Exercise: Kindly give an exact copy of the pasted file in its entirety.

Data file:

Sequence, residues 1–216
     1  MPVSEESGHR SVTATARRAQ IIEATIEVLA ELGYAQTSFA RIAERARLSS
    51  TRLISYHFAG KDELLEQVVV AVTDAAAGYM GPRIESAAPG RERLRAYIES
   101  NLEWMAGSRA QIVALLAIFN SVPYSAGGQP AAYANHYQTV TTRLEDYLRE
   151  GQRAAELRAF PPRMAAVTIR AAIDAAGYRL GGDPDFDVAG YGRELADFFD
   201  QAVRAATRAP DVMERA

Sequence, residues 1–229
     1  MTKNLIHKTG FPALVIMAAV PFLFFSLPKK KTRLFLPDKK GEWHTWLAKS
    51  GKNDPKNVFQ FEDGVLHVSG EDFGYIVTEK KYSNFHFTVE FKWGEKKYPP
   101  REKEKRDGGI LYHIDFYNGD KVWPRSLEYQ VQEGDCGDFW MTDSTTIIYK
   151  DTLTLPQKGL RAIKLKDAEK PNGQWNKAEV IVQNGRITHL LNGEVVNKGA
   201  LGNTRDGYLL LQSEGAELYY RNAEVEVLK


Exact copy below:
Sequence, residues 1–216
     1  MPVSEESGHR SVTATARRAQ IIEATIEVLA ELGYAQTSFA RIAERARLSS
    51  TRLISYHFAG KDELLEQVVV AVTDAAAGYM GPRIESAAPG RERLRAYIES
   101  NLEWMAGSRA QIVALLAIFN SVPYSAGGQP AAYANHYQTV TTRLEDYLRE
   151  GQRAAELRAF PPRMAAVTIR AAIDAAGYRL GGDPDFDVAG YGRELADFFD
   201  QAVRAATRAP DVMERA

Sequence, residues 1–229
     1  MTKNLIHKTG FPALVIMAAV PFLFFSLPKK KTRLFLPDKK GEWHTWLAKS
    51  GKNDPKNVFQ FEDGVLHVSG EDFGYIVTEK KYSNFHFTVE FKWGEKKYPP
   101  REKEKRDGGI LYHIDFYNGD KVWPRSLEYQ VQEGDCGDFW MTDSTTIIYK
   151  DTLTLPQKGL RAIKLKDAEK PNGQWNKAEV IVQNGRITHL LNGEVVNKGA
   201  LGNTRDGYLL LQSEGAELYY RNAEVEVLK